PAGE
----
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BioEnergy Research

, Volume 12, Issue 1, pp 205–216 | Cite as

Sustainable Diesel Feedstock: a Comparison of Oleaginous Bacterial and Microalgal Model Systems

  • S. Archanaa
  • Steffi Jose
  • Amitava Mukherjee
  • G. K. SuraishkumarEmail author
Original Research

Abstract

The key to sustainable and commercially viable biodiesel production relies primarily on species selection. Oleaginous species with high biomass productivity, lipid content, and lipid productivity are desirable. High growth rate of the species results in high biomass productivity, which leads to high lipid productivity. It is known that algal oil technology lacks commercial feasibility predominantly due to low biomass productivity and other factors. The use of a faster-growing organism, such as oleaginous bacteria, could offset this major disadvantage. Thus, the current study analyzes two model oleaginous systems: Rhodococcus opacus PD630 (a bacterium) and Chlorella vulgaris NIOT5 (a microalga) for their growth rate and lipid productivity. It was found that the bacterial growth rate was 25-fold the microalgal growth rate. The bacterium also showed 57-fold higher biomass productivity and 75-fold higher biodiesel productivity. Further, the analysis of a large number of literature data from relevant studies under different cultivation conditions showed that R. opacus PD630 has productivities far higher than various autotrophic microalgae. Similarly, a frequency distribution of data collected from the literature showed that Rhodococcus sp. has productivities in the higher range as compared to heterotrophic microalgae. Thus, bacteria could serve as a better alternative to microalgae toward developing a commercially viable biofuel technology. Further, the biodiesel characterization study showed that the quality of diesel from the bacterium was better than that from the microalga.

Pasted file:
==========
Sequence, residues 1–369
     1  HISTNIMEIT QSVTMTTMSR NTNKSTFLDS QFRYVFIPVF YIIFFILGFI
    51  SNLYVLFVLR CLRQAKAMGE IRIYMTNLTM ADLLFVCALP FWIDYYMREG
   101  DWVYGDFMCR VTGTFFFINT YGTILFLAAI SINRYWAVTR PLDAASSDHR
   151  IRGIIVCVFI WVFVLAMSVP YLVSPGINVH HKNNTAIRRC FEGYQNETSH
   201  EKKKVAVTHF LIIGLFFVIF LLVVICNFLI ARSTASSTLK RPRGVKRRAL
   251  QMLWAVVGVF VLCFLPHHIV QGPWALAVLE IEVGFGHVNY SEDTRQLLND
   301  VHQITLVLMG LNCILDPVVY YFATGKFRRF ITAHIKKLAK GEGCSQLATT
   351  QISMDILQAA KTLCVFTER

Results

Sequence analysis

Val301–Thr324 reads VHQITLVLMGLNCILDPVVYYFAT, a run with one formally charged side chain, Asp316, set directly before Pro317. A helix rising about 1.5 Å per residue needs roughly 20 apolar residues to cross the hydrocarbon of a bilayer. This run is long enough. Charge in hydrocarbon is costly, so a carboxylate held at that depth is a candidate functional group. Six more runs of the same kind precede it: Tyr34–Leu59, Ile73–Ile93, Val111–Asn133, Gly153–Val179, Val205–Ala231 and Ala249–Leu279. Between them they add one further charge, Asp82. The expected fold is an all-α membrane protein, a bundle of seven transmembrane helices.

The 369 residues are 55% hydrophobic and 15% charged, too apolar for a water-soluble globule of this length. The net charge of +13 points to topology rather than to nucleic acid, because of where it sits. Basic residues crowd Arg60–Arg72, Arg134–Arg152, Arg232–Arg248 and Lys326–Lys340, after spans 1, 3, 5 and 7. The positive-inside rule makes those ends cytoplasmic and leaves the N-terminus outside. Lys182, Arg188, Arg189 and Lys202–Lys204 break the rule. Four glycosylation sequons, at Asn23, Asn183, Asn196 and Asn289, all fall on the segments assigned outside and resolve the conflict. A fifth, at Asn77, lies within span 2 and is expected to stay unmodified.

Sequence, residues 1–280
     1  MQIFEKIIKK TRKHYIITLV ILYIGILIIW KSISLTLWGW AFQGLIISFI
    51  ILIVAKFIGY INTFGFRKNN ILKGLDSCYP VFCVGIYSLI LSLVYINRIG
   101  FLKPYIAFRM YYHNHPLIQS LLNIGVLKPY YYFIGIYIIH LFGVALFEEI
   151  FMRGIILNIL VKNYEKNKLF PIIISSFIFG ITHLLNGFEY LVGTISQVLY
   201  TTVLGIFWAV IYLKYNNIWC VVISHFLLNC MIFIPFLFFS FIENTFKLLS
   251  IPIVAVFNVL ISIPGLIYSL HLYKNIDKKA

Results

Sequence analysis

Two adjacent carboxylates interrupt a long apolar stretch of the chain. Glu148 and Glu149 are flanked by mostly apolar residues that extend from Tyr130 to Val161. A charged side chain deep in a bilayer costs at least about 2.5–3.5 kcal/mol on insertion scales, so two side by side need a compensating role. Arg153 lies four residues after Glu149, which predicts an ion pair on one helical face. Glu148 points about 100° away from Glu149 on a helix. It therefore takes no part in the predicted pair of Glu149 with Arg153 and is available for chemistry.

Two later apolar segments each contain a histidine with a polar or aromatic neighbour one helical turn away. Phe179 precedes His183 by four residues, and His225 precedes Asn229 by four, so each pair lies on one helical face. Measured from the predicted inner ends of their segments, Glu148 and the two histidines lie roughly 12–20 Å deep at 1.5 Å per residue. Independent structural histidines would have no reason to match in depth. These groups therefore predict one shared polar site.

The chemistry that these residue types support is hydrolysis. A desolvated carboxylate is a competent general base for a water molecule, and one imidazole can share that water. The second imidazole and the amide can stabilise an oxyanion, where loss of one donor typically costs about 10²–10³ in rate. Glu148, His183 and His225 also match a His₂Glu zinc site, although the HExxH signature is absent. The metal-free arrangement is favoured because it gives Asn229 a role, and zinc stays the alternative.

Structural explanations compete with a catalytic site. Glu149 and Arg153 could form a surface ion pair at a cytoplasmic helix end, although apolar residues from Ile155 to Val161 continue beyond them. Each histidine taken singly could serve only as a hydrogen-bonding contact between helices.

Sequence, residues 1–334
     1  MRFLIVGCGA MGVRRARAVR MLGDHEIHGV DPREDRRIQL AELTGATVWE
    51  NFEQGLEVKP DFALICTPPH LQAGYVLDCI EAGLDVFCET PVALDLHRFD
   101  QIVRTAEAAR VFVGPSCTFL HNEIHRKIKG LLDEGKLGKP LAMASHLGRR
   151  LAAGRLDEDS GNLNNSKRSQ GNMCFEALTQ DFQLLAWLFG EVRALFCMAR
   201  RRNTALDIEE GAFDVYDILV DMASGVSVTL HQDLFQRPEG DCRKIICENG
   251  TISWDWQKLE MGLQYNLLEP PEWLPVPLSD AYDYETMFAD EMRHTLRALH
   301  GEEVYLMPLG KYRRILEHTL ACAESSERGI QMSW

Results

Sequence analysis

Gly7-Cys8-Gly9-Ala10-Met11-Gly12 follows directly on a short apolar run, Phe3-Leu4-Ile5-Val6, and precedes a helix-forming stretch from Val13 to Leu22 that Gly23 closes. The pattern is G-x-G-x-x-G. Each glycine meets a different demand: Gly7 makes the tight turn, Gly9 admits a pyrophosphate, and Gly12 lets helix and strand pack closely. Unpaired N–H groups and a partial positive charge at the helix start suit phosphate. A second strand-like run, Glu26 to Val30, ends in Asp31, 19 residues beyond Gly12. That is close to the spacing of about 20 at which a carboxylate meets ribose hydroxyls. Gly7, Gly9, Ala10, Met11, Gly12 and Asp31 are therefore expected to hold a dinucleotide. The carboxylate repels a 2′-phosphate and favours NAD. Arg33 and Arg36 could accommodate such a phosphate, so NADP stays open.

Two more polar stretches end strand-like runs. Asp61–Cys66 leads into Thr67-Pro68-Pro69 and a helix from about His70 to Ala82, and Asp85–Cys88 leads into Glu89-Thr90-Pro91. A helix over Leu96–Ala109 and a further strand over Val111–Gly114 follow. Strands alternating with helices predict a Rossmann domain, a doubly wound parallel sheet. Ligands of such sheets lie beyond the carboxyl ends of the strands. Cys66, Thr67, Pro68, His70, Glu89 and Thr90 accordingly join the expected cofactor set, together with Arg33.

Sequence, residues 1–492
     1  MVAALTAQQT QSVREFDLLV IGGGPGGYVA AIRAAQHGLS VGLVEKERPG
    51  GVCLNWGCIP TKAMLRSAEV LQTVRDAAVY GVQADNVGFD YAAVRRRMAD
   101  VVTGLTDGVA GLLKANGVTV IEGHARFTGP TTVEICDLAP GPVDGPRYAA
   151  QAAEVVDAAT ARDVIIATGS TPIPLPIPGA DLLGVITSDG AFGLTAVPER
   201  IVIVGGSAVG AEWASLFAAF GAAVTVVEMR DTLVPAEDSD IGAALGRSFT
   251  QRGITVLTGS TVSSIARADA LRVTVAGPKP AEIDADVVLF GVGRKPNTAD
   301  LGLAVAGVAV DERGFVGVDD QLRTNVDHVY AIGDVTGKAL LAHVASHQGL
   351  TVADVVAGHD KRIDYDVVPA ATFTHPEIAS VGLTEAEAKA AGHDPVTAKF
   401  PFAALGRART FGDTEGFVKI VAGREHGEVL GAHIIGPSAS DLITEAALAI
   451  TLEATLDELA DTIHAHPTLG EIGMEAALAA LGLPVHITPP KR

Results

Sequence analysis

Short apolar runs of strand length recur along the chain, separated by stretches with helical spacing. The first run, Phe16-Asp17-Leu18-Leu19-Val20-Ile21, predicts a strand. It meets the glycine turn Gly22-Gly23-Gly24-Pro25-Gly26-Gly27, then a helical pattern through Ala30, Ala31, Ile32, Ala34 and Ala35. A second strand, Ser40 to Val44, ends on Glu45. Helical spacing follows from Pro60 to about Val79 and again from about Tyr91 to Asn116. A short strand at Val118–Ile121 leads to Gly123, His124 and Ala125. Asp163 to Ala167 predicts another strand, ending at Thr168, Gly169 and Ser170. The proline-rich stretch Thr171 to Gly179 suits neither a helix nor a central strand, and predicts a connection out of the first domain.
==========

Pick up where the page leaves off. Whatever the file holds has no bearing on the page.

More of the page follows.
Keywords

Lipid productivity R. opacus Biodiesel Sustainability Growth rate Biomass productivity 

Notes

Funding

The authors thank the Department of Science and Technology (DST, grant no. SB/S3/CE/007/2013) and the Department of Biotechnology (DBT, grant ref. no. BT/PR11328/PBD/26/176/2008), Government of India, for financial assistance.

Compliance with Ethical Standards

Conflict of Interest

The authors declare that they have no conflict of interest.

Ethical Approval

This article does not contain any studies with human participants or animals performed by any of the authors.

Supplementary material

12155_2018_9948_MOESM1_ESM.docx (82 kb)
Online Resource 1 (DOCX 82 kb)
12155_2018_9948_MOESM2_ESM.xlsx (24 kb)
Online Resource 2 (XLSX 23 kb)

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Authors and Affiliations

  1. 1.Department of Biotechnology, Bhupat and Jyoti Mehta School of Biosciences BuildingIndian Institute of Technology MadrasChennaiIndia
  2. 2.Centre for NanobiotechnologyVIT UniversityVelloreIndia

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